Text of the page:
In a short speech, Herzog first noted that the Jewish connection to Hebron is “beyond all controversy.” He spoke about the Hebron massacre of 1929, a violent Palestinian mass uprising in opposition to growing Zionist settlement under the British mandate, in the course of which the city’s small but historic Jewish community was forced out. Herzog’s relative, he relayed, managed to survive by playing dead. The president had nothing to say about the more recent Goldstein massacre, which took place just a few meters from where he lit the candles on the hanukkiah.
‘Our enemy is the occupation, not religion’
Badee Dwaik, head of the Human Rights Defenders Association in Hebron, is a Palestinian resident of Hebron’s Old City, where just last month, Israel began the construction of 31 new housing units that will comprise the “Chabad Quarter” — the first new Jewish neighborhood to be built in the city since 2001.
Dwaik had his own message for the Israeli president: “You are using religious occasions to escalate oppression and abuse against the Palestinians, igniting the situation as if it were a religious conflict. Our enemy is the occupation, not the Jewish religion. Neither you nor your occupation are welcome in Hebron or in Palestine,” he said in a phone interview. “We will continue to resist your occupation and expose your crimes until the apartheid regime you built is overthrown.”
Earlier in the day, Palestinian residents of Hebron came to the entrance of the mosque to demonstrate against Herzog’s arrival. Israeli border police forcibly dispersed the small crowd, seizing the Palestinian flags that they held and detaining some of the protesters.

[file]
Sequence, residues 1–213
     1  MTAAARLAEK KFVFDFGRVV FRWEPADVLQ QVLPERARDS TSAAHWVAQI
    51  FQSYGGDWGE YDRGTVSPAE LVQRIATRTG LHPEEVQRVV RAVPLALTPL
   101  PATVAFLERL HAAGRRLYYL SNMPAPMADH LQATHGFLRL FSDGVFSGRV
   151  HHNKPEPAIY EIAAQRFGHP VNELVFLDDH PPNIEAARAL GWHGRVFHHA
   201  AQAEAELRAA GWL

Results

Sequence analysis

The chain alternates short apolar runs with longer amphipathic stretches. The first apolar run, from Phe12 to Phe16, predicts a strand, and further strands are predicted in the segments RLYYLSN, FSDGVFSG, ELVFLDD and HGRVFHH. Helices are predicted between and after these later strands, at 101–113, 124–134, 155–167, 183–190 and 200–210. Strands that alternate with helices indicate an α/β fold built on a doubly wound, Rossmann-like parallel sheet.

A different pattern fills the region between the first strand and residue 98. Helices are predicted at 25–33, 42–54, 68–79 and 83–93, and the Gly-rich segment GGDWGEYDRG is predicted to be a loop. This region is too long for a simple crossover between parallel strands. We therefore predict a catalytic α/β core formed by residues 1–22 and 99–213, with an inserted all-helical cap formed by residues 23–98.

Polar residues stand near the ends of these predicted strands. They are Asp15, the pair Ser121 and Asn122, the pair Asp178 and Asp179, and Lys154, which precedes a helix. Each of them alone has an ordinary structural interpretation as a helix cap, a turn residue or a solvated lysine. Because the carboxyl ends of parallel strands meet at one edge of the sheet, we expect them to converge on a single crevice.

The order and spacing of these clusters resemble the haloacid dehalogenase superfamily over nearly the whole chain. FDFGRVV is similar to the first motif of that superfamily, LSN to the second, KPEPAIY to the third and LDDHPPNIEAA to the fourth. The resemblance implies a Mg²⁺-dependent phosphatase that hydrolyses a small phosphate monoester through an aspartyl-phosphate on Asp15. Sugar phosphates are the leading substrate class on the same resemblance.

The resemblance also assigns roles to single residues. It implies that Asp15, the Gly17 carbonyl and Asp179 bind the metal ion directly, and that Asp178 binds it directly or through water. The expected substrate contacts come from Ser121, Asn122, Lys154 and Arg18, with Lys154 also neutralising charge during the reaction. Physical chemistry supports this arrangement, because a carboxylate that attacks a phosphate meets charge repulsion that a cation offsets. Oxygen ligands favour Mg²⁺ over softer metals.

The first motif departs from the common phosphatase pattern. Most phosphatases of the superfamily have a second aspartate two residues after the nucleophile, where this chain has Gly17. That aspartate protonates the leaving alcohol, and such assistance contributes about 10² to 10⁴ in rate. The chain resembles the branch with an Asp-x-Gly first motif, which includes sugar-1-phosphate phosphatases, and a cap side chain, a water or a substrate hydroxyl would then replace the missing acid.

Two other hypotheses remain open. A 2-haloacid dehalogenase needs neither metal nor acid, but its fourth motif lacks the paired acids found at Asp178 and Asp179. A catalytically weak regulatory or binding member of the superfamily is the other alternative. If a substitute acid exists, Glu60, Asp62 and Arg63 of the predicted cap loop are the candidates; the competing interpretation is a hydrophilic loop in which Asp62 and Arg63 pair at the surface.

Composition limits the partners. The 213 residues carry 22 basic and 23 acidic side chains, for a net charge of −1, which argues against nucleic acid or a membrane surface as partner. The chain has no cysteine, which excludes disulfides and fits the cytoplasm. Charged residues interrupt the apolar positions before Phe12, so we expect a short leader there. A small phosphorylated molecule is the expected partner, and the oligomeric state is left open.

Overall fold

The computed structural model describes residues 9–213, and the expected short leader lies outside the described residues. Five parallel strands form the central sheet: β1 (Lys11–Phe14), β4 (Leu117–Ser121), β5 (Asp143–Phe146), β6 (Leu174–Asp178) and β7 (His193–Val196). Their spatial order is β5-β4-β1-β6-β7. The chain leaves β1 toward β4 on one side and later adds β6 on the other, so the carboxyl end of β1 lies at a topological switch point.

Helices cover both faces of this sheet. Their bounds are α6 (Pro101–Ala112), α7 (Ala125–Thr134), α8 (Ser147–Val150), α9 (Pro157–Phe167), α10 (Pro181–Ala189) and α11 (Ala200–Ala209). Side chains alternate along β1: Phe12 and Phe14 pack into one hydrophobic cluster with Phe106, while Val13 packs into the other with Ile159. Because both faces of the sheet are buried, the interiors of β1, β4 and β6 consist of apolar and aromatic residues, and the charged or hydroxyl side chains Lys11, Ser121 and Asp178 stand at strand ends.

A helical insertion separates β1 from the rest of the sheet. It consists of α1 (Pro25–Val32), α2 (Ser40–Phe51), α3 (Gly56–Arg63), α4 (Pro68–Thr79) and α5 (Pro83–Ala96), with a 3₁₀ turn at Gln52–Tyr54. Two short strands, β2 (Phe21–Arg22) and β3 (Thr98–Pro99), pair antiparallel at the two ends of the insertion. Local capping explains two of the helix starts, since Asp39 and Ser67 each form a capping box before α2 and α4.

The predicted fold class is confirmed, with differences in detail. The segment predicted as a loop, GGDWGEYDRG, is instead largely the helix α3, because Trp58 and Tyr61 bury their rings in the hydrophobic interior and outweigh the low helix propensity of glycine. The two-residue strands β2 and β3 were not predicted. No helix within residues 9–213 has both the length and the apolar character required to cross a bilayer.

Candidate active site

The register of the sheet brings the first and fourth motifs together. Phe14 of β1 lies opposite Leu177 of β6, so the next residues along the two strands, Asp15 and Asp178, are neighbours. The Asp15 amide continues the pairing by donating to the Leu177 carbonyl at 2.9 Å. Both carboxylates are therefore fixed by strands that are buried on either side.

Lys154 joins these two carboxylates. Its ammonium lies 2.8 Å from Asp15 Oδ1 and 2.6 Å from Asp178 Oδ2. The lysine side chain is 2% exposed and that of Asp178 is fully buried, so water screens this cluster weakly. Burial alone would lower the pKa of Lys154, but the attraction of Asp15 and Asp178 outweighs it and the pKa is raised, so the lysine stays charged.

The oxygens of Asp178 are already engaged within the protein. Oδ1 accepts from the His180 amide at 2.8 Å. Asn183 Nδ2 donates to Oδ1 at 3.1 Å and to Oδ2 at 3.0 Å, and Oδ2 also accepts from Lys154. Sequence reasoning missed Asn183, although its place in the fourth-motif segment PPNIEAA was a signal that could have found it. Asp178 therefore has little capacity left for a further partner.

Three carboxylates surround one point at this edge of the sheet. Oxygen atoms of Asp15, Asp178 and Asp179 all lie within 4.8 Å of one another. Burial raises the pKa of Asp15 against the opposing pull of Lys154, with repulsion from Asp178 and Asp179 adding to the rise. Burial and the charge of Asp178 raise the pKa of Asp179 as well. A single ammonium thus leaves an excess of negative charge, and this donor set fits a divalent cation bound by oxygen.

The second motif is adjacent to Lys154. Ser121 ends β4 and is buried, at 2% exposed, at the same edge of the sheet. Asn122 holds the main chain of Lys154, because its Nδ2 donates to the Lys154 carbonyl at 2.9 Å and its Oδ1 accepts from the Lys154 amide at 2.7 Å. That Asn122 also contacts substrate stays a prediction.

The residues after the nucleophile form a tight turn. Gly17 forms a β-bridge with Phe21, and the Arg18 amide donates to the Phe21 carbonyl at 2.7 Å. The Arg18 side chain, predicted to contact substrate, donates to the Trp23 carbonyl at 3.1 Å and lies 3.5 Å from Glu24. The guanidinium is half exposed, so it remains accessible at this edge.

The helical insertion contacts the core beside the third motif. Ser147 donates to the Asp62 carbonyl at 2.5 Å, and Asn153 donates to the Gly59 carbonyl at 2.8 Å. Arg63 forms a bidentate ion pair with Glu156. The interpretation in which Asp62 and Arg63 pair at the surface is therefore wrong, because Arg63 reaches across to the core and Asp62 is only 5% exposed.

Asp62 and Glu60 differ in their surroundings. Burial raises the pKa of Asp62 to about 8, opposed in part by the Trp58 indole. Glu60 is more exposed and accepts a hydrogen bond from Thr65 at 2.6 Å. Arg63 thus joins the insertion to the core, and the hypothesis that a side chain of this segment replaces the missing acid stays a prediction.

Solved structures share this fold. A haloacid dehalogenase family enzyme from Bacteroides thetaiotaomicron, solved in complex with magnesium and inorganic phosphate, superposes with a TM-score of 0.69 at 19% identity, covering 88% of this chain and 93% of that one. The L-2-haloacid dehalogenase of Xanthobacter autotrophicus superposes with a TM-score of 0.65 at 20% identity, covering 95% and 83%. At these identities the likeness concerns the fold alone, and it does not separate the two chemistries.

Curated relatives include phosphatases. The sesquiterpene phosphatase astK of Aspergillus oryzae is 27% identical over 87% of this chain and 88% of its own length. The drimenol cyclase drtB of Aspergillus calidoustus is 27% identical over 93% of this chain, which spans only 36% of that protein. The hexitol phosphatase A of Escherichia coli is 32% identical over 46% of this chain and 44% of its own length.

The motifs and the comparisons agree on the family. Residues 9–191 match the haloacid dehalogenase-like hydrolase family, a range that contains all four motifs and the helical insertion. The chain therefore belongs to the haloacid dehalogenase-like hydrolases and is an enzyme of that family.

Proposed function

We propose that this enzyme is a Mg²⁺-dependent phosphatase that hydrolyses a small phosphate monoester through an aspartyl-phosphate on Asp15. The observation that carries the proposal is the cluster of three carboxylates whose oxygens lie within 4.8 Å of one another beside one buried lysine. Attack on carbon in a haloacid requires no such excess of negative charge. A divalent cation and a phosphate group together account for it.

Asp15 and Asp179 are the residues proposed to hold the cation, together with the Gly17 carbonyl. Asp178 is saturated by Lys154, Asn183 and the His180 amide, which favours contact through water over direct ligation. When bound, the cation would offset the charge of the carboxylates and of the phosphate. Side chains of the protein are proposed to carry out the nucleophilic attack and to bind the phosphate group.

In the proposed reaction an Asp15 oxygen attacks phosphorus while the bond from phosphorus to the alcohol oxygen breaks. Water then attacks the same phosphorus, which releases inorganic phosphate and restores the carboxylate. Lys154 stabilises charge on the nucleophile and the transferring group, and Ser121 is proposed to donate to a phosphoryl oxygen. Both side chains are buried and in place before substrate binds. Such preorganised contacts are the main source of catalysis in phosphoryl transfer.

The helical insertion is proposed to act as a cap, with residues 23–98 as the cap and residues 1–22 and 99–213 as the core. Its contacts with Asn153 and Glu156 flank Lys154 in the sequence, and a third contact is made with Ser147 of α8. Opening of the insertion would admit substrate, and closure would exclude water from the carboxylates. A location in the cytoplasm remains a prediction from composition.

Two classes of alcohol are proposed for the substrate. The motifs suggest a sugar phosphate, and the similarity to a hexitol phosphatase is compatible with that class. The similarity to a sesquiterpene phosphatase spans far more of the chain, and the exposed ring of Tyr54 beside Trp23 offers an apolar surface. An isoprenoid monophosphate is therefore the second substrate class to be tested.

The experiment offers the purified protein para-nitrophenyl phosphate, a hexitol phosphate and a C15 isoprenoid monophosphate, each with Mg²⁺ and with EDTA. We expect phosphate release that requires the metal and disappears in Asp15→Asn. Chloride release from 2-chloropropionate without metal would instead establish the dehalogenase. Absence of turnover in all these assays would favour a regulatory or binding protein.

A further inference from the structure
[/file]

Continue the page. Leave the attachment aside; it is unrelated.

Meanwhile, three buses full of left-wing Israelis from Jerusalem and Tel Aviv — organized by anti-occupation groups including Breaking the Silence, Peace Now, and Mehazkim — drove toward the Old City to protest Herzog’s visit. In a rare move, however, the Israeli police issued an order blocking the activists from entering the Old City altogether, forcing them to demonstrate at the checkpoint outside the Kiryat Arba settlement under the watch, and sometimes the fists, of several dozen border police and undercover officers.
The police’s diversion of the demonstration redirected much of the protesters’ focus onto the police themselves and the nearby settlers, who arrived waving Israeli flags and playing Hebrew music through loudspeakers to drown out the protesters’ chants.
Moshe Butavia, the civilian security coordinator (or “ravshatz” in Hebrew) of Kiryat Arba — the army’s designated go-to person in each settlement for security-related matters, who in practice often gives orders to the soldiers — tried to drag Hazem Bader, a Palestinian photojournalist with the Agence French-Presse (AFP) news agency, away from the entrance to the settlement. “He has a green ID,” Butavia is heard saying in a video of the incident (filmed by Ori Givati of Breaking the Silence), referring to Bader’s Palestinian identification card.
Meretz MK Mossi Raz, who was present at the demonstration, said: “We came here today to oppose the fact that in Hebron there are places only for Jews. This is not a place for the president of Israel to go — outside of Israel — on the first day of Hanukkah.”
Eran Nissan of Mehazkim, a digital campaigning movement active on various progressive struggles in Israel, echoed this sentiment: “If ever there were a place where the word ‘apartheid’ is relevant to the Israeli case, it’s Hebron. We came to protest Herzog’s shameful decision, and were met with anti-democratic military restrictions and police violence.”